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Sunday, March 3, 2013

Musical Interlude

(If you must have politics, please scroll down)

I miss Henry Mancini (1924-1994), whom Mr. AOW and I saw live twice when he conducted the National Symphony Orchestra — and his jazz combo too, of course.

"The Pink Panther," "Baby Elephant Walk," and "Peter Gunn" (apologies for the abrupt ending of the version below):



The theme from The Thornbirds:


Henry Mancini web site

16 comments:

  1. The photos with the Thorn Birds are beautiful.

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  2. Thanks for the Wiki link.
    I remember being astounded when he died at the breadth of his work that I wasn't aware of, and today I was again.
    And a veteran.

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  3. Henry Mancini was a remarkably versatile composer. He even wrote one symphony, which I had the pleasure of hearing a portion of during one of the concerts I mentioned in the body of the blog post.

    He was much more than a composer of incidental (film) music.

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  4. Conservatives on Fire,
    Those may be photos of Australia.

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  5. From this source:

    “There is a legend about a bird which sings just once in its life, more sweetly than any other creature on the face of the earth. From the moment it leaves the nest it searches for a thorn tree, and does not rest until it has found one. Then, singing among the savage branches, it impales itself upon the longest, sharpest spine. And, dying, it rises above its own agony to outcarol the lark and the nightingale. One superlative song, existence the price. But the whole world stills to listen, and God in His heaven smiles. For the best is only bought at the cost of great pain… Or so says the legend.”
    ― Colleen McCullough, The Thorn Birds


    From the same source:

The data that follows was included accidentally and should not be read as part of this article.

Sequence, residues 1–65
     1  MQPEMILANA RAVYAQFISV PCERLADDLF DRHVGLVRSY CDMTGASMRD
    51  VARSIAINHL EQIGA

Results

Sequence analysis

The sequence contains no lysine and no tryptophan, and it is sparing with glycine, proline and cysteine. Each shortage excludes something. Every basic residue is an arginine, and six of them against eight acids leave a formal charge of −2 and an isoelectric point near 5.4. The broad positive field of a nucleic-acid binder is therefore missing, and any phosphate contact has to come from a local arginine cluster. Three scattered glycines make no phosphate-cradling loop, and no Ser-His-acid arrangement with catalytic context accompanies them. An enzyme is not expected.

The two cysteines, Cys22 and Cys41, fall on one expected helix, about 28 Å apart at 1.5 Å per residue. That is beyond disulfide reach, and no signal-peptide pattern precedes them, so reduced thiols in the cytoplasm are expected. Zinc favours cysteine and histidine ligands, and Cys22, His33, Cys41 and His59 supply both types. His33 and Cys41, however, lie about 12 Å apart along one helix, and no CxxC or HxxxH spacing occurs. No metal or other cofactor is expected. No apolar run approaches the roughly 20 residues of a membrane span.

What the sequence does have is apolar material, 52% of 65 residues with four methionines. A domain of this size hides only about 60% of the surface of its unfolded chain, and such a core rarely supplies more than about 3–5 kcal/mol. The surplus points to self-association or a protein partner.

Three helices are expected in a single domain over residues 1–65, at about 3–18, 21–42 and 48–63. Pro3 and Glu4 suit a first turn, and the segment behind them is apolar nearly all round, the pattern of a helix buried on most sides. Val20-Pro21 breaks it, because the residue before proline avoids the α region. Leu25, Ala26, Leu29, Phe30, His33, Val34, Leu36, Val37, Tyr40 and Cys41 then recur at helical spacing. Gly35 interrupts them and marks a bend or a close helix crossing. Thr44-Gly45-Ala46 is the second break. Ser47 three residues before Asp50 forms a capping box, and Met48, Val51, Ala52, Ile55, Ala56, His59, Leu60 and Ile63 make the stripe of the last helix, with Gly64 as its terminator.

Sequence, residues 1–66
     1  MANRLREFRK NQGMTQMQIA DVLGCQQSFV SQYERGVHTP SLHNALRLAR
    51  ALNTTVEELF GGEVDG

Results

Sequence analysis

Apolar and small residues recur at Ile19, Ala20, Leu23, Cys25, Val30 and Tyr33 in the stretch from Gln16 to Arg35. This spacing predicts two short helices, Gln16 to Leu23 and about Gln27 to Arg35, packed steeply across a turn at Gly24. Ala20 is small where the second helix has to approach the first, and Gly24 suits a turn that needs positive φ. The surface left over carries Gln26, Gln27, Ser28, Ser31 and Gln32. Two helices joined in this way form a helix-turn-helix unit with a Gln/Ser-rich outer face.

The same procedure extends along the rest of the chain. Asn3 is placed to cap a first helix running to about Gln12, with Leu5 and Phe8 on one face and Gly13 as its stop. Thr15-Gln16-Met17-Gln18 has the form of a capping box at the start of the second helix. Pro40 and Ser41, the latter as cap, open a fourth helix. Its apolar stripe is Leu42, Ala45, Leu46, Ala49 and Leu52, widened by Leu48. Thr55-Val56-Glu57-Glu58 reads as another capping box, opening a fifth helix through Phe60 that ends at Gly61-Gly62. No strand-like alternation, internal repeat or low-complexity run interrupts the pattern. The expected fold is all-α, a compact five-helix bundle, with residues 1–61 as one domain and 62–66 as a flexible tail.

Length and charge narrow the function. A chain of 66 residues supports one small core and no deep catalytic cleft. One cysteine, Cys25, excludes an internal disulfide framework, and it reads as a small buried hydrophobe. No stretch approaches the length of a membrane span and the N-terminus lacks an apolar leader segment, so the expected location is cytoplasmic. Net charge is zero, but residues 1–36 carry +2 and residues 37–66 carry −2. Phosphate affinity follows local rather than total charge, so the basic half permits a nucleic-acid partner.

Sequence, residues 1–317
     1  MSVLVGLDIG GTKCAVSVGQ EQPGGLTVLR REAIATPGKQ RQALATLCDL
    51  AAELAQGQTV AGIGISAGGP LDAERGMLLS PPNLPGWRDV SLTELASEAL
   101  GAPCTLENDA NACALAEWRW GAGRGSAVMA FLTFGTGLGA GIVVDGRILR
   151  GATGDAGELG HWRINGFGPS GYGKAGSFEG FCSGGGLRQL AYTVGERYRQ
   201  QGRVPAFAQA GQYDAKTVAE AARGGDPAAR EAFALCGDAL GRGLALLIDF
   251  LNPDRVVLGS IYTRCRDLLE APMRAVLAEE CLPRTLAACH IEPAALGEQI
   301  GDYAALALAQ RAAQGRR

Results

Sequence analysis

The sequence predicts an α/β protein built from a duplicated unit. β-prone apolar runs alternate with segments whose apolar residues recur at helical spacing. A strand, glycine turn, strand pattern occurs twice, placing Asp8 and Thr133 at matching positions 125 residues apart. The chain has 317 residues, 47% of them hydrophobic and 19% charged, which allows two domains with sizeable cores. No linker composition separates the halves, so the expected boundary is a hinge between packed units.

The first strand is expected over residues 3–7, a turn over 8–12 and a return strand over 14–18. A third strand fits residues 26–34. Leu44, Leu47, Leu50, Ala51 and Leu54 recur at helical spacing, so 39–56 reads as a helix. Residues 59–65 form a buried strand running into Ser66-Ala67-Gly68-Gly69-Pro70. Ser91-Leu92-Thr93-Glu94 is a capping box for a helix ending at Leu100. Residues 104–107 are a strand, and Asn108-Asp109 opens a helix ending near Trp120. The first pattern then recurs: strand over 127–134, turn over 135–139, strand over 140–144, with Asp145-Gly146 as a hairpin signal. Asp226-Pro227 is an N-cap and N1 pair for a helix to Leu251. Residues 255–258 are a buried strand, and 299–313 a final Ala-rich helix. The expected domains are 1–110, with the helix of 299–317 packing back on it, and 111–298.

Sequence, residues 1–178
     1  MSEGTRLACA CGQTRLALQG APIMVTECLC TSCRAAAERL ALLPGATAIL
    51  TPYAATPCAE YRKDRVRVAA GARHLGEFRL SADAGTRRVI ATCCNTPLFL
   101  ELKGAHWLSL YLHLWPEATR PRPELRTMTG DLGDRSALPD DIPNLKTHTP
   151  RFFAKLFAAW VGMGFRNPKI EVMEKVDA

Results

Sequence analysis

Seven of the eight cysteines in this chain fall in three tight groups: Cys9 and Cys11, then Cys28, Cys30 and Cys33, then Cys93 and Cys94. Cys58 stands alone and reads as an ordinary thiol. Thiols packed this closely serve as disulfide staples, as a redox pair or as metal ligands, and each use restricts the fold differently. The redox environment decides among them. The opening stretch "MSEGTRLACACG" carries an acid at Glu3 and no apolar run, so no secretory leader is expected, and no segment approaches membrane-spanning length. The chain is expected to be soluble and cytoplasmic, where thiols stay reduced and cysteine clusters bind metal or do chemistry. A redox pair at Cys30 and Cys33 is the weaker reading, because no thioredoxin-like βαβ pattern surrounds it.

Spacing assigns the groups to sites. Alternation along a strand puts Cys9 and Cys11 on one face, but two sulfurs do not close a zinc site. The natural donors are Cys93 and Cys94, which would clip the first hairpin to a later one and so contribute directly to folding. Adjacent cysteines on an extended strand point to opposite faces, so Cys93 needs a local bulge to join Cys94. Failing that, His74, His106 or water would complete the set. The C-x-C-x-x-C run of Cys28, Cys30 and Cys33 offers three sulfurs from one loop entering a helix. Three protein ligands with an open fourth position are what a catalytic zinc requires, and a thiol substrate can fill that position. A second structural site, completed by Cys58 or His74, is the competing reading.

“There are no ambitions noble enough to justify breaking someone's heart.”
    ― Colleen McCullough, The Thorn Birds

    “When we press the thorn to our chest we know, we understand, and still we do it.”
    ― Colleen McCullough, The Thorn Birds

    “Each of us has something within us which won't be denied, even if it makes us scream aloud to die. We are what we are, that's all. Like the old Celtic legend of the bird with the thorn in its breast, singing its heart out and dying. Because it has to, its self-knowledge can't affect or change the outcome, can it? Everyone singing his own little song, convinced it's the most wonderful song the world has ever heard. Don't you see? We create our own thorns, and never stop to count the cost. All we can do is suffer the pain, and tell ourselves it was well worth it.”
    ― Colleen McCullough, The Thorn Birds


    The novel The Thorn Birds is worth reading.

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  6. Thanks for the memories. I read the Thorn Birds many years ago and recall the controversy .

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  7. I'm always reminded of an episode of Archie Bunker. Edith keeps crying and someone finally figures out it is because it is "Henry Mancini's birthday". Edith keeps saying "Henry Mancini's birthday, Henry Mancini ..." in that awful accent of hers. I don't know why that stuck in my mind. It was a funny show.

    Debbie